Finally, in “Ode to the Editor,” someone finally understands what editors actually do, and how we love doing what we do.
Read this to see what I’m talking about. Chuck Wendig is an author who “gets” why an editor is sometimes necessary, and always helpful, even when they “tear apart” an author’s work.
“There she sits, alone. For hours. Maybe days. Pulling pages apart. Seeing what she has. Shining a light into dark corners. Finding sense. Fixing errors. Bringing sanity back to madness, chaos back to order, context back to content. Her red pen dances bloodily upon the page.” Yep, that’s me.
“She goes to him. She shows him what she’s done. He hates her — at first. He froths and kicks and spits, a beast poorly corralled, distraught at what he sees — the ruination of my art, the muddying of my vision, poopy handprints on what was once a clean white wall. But soon he sees. He sees how things make sense.”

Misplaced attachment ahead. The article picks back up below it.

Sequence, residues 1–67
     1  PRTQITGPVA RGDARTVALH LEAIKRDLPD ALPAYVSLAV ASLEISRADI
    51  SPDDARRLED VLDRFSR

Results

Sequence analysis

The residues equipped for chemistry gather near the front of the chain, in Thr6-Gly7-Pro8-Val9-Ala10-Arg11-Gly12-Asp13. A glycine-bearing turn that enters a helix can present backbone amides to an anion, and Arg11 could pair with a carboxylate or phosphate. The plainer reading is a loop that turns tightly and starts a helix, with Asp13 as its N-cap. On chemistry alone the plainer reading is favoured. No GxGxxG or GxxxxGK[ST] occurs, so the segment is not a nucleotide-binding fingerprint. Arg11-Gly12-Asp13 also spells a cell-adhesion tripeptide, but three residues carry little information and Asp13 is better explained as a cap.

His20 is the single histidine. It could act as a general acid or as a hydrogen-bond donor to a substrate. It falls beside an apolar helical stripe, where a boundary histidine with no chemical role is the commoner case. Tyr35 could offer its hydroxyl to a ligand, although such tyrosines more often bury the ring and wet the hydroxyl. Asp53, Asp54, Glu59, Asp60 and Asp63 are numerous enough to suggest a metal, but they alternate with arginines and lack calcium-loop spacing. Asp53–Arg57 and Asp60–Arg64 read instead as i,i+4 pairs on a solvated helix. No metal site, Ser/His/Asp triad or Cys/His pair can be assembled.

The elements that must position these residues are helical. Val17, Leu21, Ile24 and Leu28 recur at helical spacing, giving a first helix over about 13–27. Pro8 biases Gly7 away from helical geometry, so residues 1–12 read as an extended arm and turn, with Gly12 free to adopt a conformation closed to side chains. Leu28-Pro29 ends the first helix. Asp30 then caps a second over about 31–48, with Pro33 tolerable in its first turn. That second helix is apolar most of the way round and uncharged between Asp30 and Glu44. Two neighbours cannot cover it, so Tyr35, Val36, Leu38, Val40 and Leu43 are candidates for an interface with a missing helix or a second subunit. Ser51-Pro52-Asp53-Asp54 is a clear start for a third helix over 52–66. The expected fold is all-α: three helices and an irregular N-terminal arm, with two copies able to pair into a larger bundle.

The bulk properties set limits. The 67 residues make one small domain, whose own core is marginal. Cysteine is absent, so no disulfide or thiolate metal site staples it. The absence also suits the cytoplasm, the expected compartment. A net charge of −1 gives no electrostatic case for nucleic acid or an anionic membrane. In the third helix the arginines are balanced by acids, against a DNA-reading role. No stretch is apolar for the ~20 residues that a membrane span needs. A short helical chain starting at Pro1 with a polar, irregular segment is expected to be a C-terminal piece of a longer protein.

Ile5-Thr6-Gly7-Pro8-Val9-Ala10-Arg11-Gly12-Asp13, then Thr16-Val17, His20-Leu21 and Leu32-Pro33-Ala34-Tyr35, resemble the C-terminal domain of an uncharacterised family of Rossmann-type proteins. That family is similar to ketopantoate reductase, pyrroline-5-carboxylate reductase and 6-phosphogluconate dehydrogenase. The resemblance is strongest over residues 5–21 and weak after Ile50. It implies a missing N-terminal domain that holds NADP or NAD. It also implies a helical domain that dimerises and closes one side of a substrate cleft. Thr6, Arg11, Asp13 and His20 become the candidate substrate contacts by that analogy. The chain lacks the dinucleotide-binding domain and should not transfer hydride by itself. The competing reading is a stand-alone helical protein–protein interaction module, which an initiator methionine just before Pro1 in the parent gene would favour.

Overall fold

“What she brings to the story is hidden behind every page. Lost in the space between sentences. Her repairs are invisible — the mechanisms of her craft hidden behind authorial drywall. Ever unknown to readers.”
I weep. “If you prick us, do we not bleed?” “I am not an animal! I am a human being!”
Thank you, Chuck Wendig. I salute you, as well!